Students skimp on costly textbooks

College students can’t afford to buy costly textbooks, according to a U.S. PIRG survey. In an unscientific survey at 13 campuses, seven of 10 undergrads said they hadn’t bought one or more textbooks to save money.

Textbooks prices rose by 22 percent over the past four years, faster than the inflation rate, the analysis found.  On average, textbooks cost a quarter of state university tuition and three-fourths of tuition at community colleges, according to a federal estimate.

“Generally what we get from students is ‘Yeah, it’s only a few dollars, but it could be my dinner,’ ” said Jessica Bruning, a student at Iowa State University who has worked with a school group to lobby the Iowa legislature on behalf of college students. “It adds up pretty quickly.”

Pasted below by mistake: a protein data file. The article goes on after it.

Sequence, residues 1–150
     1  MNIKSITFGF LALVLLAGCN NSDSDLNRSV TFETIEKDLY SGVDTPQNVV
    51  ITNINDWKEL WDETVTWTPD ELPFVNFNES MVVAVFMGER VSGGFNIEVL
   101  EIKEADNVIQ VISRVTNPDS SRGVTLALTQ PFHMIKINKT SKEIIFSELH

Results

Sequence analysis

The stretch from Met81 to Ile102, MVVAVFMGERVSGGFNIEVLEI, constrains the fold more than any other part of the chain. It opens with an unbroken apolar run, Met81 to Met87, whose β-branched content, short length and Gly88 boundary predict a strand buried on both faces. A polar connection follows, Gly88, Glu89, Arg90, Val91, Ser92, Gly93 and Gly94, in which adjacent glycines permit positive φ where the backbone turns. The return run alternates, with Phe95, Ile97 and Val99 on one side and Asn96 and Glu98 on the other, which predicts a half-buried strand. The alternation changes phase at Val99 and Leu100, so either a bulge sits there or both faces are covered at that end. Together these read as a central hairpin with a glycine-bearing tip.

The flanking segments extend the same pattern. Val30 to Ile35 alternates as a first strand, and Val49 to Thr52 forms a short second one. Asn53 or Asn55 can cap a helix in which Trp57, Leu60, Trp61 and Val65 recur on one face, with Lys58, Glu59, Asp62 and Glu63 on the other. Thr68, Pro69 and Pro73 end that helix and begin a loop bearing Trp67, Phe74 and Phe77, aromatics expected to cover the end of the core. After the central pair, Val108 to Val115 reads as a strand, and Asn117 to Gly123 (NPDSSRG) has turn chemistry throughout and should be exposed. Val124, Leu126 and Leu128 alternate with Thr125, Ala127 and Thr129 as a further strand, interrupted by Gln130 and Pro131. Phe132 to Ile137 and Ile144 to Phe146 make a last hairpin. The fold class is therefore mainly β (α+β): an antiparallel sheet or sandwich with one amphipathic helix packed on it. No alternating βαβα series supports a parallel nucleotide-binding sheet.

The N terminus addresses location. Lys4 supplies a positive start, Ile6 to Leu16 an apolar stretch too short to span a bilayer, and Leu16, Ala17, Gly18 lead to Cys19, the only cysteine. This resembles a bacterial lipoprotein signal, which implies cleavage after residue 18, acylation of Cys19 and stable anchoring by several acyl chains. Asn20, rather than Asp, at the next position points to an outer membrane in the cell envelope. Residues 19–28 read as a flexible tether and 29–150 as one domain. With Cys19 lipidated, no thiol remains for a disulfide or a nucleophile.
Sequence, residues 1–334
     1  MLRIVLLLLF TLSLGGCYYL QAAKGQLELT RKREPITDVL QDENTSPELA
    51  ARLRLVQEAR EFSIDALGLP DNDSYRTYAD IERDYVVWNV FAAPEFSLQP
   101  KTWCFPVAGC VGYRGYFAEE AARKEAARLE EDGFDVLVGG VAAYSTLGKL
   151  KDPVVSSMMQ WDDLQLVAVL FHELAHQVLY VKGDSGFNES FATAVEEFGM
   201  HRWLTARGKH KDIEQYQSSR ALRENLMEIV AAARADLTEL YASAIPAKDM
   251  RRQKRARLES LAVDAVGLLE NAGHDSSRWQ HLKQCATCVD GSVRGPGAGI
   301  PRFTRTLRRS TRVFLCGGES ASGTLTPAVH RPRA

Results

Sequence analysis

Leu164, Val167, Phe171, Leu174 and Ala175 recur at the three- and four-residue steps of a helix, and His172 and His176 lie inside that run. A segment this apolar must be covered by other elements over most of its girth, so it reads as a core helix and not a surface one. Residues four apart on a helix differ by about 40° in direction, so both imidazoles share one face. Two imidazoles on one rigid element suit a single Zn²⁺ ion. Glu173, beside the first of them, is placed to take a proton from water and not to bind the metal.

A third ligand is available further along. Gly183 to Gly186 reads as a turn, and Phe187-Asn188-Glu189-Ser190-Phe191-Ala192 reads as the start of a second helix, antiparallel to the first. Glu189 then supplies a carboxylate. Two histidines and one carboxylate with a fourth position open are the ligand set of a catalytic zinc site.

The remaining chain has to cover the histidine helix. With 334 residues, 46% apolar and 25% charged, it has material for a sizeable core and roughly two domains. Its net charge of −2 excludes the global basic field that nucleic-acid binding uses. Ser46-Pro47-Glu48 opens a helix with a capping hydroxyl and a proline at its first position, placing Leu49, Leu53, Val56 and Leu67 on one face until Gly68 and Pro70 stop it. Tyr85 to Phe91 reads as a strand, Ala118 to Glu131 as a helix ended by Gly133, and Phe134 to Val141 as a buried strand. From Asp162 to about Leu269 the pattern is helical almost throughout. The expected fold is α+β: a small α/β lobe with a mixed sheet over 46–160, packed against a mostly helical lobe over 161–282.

Textbook Rebellion, backed by U.S. PIRG and Campus Progress, is lobbying for alternatives to high-priced textbooks such as open-source learning materials.

My husband has written several college engineering textbooks. Sales have fallen because students can’t afford to buy the book.  (It lists for $184, but it’s only $146 on Amazon!)  Some share with classmates. Others try to make do with older editions, even though computer engineering changes rapidly, or buy pirated versions. He’s considered self-publishing a free online textbook and making money on . . . Well, that’s the problem.

POSTED BY Joanne Jacobs ON August 17, 2011

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